The site has other features, including alerts as to how the big institutional investors intend to vote (if those investors decide to announce what their intentions are, as they are permitted to do under the SEC's proxy rules - see note below). So the site makes it easy for anyone to vote, by reducing the time they need to spend on detailed analysis of issues and candidates. And this is just the start - you can easily envision a path where this site and others do much more to facilitate the information gathering process and present it in a much easier way than currently available in a way that may eventually impact the results of annual meetings.

Anyways, I waited so long to blog about this development that Andy has blogged about it himself on Harvard Law School's Corporate Governance Blog and in his own blog.

Under Rule 14a-l(1)(2)(iv), shareholders are permitted to publicize their voting intentions – as well as the reasons behind the intentions – without it being deemed a “solicitation.” Today, not many shareholders take advantage of this exemption to announce their intentions - CalPERS and a handful of others - so this feature doesn't hold much value. If more shareholders start making announcements, then it will become a more important aspect of the site.

SEC Proposes to Delete References to Credit Ratings

Yesterday, the SEC held an open Commission meeting to propose - jointly from three Divisions, Trading & Markets, Corporation Finance and Investment Management - changes that include replacing references to ratings by Nationally Recognized Statistical Rating Organizations (ie. NRSROs) with alternative qualitative standards. This follows another proposal from several weeks ago related to regulation of the ratings process. Here is a statement from the Corp Fin Staff and Chairman Cox's opening remarks from the open meeting (and a WSJ article). The SEC's related press release is not out yet - we will be covering this topic more in the coming weeks.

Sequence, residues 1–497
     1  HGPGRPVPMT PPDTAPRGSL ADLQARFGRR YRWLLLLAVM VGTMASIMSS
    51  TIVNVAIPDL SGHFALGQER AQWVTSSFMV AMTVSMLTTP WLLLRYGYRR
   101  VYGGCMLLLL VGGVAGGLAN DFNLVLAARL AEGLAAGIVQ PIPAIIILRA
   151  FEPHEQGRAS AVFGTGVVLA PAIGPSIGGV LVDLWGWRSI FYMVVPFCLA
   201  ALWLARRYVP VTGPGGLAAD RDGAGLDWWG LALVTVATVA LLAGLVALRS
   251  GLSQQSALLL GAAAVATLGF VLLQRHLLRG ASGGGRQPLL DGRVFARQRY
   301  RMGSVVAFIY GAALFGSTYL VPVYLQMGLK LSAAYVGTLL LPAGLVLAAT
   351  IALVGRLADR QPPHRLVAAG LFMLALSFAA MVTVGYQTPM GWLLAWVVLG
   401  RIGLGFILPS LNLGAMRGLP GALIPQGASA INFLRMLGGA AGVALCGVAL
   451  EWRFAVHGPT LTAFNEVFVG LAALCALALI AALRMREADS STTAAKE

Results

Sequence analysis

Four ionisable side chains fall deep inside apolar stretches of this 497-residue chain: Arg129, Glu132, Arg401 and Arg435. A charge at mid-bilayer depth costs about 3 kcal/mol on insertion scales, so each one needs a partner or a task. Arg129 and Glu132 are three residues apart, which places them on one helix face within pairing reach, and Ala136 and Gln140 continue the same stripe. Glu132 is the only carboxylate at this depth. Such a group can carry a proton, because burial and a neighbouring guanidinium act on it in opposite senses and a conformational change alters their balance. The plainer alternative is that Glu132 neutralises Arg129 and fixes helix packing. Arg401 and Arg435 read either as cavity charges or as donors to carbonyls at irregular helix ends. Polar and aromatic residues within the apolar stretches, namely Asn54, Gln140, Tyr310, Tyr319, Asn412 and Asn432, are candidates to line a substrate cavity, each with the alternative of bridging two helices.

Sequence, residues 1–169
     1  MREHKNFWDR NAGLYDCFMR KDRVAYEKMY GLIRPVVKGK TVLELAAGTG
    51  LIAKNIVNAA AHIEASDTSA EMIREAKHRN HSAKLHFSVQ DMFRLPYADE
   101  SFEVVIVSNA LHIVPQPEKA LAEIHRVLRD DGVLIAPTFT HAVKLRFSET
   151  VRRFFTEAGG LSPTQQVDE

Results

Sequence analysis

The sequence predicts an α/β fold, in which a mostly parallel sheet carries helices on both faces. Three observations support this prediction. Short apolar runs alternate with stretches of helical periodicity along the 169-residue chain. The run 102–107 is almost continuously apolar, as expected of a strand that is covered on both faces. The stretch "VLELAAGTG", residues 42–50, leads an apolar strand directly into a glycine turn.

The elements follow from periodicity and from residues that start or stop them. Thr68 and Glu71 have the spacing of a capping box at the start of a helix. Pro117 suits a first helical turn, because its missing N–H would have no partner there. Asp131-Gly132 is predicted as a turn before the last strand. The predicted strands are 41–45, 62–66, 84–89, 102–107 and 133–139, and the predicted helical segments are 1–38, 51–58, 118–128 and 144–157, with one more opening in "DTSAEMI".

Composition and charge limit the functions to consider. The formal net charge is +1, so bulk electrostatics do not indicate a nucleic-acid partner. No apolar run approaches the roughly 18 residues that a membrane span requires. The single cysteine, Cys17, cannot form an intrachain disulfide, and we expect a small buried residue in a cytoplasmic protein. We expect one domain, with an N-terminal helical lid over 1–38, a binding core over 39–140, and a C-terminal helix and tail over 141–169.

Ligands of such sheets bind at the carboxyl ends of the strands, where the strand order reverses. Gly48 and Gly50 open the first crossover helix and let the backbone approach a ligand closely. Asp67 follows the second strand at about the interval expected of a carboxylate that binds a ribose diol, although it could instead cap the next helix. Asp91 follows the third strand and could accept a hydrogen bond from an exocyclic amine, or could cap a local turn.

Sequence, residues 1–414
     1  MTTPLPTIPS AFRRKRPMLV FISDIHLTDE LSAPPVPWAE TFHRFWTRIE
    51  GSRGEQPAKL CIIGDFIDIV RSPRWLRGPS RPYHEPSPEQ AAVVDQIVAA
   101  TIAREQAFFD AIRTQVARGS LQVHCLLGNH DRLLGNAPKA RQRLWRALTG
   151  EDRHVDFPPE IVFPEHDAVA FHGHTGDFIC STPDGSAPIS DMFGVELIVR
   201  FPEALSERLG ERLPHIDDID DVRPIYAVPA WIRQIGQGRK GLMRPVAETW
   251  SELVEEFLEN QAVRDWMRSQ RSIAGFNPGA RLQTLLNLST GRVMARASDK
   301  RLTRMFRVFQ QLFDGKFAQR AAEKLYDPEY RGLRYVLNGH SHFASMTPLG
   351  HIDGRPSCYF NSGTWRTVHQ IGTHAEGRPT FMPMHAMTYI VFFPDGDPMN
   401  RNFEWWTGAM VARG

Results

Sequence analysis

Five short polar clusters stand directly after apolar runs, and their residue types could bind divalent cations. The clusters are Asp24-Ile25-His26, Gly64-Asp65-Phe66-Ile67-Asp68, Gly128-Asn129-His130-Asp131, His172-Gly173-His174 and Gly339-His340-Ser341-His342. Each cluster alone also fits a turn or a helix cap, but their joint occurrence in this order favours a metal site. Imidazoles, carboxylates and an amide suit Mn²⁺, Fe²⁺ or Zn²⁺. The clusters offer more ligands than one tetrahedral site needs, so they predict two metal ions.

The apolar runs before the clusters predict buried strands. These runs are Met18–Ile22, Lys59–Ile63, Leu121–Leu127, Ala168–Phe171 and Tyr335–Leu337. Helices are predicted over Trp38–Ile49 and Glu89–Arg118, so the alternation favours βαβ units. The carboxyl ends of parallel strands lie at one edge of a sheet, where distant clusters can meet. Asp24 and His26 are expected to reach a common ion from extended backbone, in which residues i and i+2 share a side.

- Broc Romanek

June 25, 2008

McCain Joins "Say on Pay" Wagon

Recently, Senator John McCain has been speaking out against excessive executive compensation and has now joined Senator Obama in calling for mandatory "say on pay." Here is a Business Week article about this - and here is an excerpt from McCain's June 10th speech:

"Americans are right to be offended when the extravagant salaries and severance deals of CEOs ... bear no relation to the success of the company or the wishes of shareholders," says McCain, adding that some of those chief executives helped bring on the country's housing crisis and market troubles. "If I am elected president, I intend to see that wrongdoing of this kind is called to account by federal prosecutors. And under my reforms, all aspects of a CEO's pay, including any severance arrangements, must be approved by shareholders."

The proposals that both Senators Obama and McCain support not only would provide shareholders an annual non-binding vote on executive pay, they would also provide shareholders with a separate non-binding vote when a company gives a golden parachute to executives while simultaneously negotiating to buy or sell the company.